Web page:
Attended a first-time attendee session, to familiarize myself with the conference. After that it was in to the kickoff meeting. The entranceway was festooned with orange-shirted overly enthusiastic cheering, clapping Datastream employees. Inside the big conference room they had two huge projection screens, loud music, professional concert-style lighting, broadcast quality video cameras, etc. We sat through three or four executive presentations by some of the top guys at Infor, the company that evidently bought Datastream sometime recently. It was very rah-rah, yet uninformative.

At each break between sessions, there is Starbucks coffee, snacks; both good and bad, soda, water, etc. They definitely keep you well-fed. Each day has one long morning session (after the daily Keynote) lunch at your choice of about four different places, and then three afternoon sessions. All the sessions you signed up for are printed on the back of your badge, and the accompanying abstracts are in a bound book that was in the free bag you got. I’m not really going to go into any depth about the sessions because absolutely nobody would be interested in the details.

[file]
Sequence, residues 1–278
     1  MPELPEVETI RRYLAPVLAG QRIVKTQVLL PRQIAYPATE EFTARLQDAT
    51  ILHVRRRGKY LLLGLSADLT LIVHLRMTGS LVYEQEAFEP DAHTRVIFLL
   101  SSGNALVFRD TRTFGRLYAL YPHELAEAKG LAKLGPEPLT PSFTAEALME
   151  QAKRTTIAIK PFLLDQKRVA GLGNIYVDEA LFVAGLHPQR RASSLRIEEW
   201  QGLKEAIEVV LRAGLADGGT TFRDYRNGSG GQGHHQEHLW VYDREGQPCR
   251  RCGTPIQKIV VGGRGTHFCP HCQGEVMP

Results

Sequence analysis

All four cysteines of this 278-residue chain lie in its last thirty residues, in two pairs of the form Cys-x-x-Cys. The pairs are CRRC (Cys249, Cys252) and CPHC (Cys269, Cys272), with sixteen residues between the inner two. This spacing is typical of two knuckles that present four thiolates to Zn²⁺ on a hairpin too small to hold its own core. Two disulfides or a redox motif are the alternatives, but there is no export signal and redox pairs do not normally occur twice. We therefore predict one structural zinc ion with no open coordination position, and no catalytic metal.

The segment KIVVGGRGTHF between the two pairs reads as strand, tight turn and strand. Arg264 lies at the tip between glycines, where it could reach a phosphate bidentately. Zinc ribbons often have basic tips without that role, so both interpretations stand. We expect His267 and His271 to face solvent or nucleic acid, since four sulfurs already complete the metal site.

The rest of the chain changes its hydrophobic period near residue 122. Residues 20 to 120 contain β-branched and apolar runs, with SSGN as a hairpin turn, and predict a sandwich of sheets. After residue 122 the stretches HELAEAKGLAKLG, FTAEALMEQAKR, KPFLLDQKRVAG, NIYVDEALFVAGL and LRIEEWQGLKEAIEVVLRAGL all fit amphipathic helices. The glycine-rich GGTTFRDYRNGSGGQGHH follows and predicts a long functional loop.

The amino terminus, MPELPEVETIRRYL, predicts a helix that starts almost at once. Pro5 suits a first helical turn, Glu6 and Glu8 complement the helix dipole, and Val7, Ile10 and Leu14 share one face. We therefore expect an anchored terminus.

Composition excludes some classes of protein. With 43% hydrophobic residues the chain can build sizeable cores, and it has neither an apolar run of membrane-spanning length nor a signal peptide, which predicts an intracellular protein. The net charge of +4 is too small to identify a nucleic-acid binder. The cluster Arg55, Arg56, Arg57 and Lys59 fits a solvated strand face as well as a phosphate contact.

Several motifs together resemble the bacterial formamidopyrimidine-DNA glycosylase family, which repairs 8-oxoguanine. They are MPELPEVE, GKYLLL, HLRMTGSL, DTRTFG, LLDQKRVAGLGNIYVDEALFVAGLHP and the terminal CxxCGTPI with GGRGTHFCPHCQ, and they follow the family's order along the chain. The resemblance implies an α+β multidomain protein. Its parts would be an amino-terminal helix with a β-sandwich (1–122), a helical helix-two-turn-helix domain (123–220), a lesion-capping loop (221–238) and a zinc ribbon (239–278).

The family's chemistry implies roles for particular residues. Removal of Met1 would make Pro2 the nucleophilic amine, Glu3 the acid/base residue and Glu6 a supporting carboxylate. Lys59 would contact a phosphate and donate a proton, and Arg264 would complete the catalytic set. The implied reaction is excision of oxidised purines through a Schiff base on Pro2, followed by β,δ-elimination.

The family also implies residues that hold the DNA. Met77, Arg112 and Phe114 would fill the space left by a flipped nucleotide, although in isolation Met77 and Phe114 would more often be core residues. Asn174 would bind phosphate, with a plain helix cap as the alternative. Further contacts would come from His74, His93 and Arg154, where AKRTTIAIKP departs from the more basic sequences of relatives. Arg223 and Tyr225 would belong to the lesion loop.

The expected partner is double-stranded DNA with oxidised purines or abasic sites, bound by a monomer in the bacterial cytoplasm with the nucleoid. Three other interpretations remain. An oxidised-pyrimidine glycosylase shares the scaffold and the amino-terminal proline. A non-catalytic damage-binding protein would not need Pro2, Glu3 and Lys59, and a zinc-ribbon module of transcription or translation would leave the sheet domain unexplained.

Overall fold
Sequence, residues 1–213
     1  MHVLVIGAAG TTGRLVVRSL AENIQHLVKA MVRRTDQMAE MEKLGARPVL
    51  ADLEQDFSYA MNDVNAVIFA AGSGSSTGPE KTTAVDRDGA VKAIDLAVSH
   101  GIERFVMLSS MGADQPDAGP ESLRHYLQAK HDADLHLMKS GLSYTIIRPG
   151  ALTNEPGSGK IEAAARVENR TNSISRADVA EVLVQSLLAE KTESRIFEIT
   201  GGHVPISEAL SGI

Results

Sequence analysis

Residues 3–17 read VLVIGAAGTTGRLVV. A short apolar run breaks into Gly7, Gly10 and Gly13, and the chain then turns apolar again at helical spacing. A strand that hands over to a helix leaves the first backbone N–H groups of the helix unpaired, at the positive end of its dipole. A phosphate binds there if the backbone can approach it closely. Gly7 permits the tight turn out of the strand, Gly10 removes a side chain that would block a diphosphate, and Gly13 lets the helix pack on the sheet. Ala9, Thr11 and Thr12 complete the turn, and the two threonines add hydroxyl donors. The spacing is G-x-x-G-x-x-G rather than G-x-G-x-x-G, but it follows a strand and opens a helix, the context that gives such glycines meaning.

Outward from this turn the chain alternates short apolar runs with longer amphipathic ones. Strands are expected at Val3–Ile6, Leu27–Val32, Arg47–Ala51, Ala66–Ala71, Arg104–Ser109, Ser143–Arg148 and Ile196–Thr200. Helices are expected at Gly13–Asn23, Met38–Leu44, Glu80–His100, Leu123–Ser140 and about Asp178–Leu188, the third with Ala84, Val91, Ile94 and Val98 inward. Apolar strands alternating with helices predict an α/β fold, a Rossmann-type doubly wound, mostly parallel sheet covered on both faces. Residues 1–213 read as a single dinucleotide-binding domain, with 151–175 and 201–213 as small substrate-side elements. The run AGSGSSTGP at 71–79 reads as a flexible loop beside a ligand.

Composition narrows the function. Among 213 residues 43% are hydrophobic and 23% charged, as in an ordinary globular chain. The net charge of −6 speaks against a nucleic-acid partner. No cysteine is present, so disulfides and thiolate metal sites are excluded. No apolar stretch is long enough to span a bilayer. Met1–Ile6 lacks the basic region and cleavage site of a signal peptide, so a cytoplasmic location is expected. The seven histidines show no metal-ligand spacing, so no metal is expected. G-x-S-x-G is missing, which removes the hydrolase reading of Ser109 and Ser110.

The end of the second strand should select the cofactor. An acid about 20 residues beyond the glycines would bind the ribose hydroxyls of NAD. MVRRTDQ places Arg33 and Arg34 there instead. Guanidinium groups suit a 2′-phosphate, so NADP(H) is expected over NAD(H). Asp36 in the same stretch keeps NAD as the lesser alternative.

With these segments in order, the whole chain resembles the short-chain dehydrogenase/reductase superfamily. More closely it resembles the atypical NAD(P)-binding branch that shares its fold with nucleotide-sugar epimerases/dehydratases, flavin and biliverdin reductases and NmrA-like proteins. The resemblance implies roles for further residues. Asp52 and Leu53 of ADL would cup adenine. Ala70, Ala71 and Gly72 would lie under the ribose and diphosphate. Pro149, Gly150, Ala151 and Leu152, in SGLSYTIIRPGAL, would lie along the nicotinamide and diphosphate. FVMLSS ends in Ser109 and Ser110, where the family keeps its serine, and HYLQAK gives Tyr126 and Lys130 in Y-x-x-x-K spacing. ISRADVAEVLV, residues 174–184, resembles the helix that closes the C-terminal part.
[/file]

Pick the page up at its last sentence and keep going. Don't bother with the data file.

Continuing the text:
Monday’s lunch was at City Tavern, which is just a bar downtown. Cheeseburgers and chips. Not bad, but I had to eat mine with utensils because I skipped the bun…and the chips.

Monday night’s theme dinner was “Jungle Night.” The lobby, mezzanine, and several of the ballrooms at my hotel were completely decked out in jungle stuff; plants, vines, gorilla taxidermy, bamboo huts, etc. I was about ready to leave as soon as I got there. They had a loud band, but free drinks. It was like a Baby Boomer cruise without a boat. The food was buffet-style island-ish; conch fritters, tropical fruit, variety meats on skewers, sausage-stuffed mushroom caps, (okay, not island-ish, but still good) etc. I sat at a table in a room off the mezzanine because it was a little quieter. My tablemates were mostly from Titan Concrete, and surprisingly white-collar. They were curious about how a pharmaceutical company uses the same product they do. So was I.